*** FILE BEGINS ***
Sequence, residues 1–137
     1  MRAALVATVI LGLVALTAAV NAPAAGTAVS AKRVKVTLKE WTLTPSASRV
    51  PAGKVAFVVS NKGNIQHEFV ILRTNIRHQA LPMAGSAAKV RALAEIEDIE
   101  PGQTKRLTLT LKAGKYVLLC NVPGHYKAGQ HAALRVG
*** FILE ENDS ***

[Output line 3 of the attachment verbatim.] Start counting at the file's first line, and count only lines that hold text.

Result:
    51  PAGKVAFVVS NKGNIQHEFV ILRTNIRHQA LPMAGSAAKV RALAEIEDIE